To examine the possible relationship between the cells mediating resistance to tumour cells and those mediating rejection of foreign bone marrow transplants (BMT), the effect of tumour-bearing on BMT rejection has been measured by means of the spleen colony assay. Moderate doses (<5.0x106) of bone marrow cells from DBA/2 strain mice, which normally produce few haemopoietic spleen colonies in γ-irradiated (950R) CBA/J strain mice, gave numerous (confluent) colonies when given soon after injection of Ehrlich ascites tumour (EAT) cells. Transfusion of [3H]UdR-labelled DBA/2 bone marrow cells demonstrated that the increased spleen colony formation in tumour-bearing mice was not due simply to chages in the total number of injected cells homing to the spleen. Injection of EAT ascites fluid alone, given to CBA/J mice before 950R+BMT, transiently reduced spleen colony development, the effect being more marked when fluid from older tumours was used. Supernatant fluid from EAT cells grown in vitro aso depressed growth of BMT in vivo. The results reveal two processes in progress in mice bearing an ascites tumour: (1) an early reduction in the natural resistance to BMT allowing successful grafting and spleen colony formation, and (2) a progressive production by the tumour cells of short-acting soluble factors tending to suppress the proliferation of colony forming bone marrow cells in the transplant. The effect of the tumour-bearing state in weakening the natural resistance to foreign BMT strongly suggests that both tumour and foreign marrow graft resistance are mediated by the same or closely related effector cells.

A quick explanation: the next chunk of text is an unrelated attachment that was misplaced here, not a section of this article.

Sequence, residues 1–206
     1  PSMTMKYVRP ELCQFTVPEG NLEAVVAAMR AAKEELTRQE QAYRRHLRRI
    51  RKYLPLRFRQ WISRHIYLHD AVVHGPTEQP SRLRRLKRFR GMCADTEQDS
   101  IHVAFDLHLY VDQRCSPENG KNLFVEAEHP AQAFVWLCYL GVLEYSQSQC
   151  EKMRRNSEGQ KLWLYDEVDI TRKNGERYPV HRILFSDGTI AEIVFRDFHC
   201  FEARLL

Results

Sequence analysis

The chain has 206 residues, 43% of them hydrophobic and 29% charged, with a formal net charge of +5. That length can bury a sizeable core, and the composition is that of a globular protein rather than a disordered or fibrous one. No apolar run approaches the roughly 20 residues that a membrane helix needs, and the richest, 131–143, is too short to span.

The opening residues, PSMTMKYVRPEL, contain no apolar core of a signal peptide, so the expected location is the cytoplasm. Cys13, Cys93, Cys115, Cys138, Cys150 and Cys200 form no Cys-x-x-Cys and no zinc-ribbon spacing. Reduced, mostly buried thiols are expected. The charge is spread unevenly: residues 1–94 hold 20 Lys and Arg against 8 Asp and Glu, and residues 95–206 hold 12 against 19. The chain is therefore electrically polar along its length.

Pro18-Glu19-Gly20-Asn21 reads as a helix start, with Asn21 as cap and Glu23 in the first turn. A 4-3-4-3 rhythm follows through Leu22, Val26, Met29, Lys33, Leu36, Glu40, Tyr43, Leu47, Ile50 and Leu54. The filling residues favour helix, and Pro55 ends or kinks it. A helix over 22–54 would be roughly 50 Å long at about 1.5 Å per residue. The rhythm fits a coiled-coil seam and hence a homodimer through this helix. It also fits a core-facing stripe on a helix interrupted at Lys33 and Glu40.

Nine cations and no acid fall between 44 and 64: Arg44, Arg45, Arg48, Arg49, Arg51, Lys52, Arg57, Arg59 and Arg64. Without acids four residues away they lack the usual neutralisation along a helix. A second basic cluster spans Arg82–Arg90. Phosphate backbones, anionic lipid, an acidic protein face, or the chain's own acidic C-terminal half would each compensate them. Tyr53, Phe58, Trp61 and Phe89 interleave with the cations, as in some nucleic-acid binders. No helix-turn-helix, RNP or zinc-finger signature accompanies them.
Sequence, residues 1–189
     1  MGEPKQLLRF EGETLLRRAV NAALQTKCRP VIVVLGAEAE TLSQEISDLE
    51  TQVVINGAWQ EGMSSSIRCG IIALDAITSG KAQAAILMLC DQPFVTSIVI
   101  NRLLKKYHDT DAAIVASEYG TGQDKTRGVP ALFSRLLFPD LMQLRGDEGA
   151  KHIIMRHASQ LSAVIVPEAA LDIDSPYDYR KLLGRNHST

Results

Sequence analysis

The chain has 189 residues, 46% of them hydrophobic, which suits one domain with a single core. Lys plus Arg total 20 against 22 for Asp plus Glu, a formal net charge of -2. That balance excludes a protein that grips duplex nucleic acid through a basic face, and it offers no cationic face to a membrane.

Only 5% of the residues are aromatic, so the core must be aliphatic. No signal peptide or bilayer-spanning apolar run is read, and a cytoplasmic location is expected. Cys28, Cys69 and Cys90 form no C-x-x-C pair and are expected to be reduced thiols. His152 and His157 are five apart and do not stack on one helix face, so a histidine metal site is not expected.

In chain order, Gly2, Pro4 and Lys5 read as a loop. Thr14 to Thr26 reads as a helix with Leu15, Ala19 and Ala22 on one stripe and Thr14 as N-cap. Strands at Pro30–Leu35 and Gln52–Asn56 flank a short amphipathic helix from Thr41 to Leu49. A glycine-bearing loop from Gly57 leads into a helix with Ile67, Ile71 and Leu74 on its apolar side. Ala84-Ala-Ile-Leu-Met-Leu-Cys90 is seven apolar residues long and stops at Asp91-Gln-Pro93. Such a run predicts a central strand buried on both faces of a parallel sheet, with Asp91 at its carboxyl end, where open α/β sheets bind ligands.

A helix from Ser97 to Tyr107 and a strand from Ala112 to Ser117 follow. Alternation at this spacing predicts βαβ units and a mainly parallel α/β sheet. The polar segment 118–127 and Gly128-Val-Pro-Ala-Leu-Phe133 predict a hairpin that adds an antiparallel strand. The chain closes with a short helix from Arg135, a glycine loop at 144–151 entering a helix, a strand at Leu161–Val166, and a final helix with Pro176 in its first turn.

|Original language||English (US)|
|Number of pages||6|
|Journal||Scandinavian Journal of Immunology|
|State||Published - Apr 1988|
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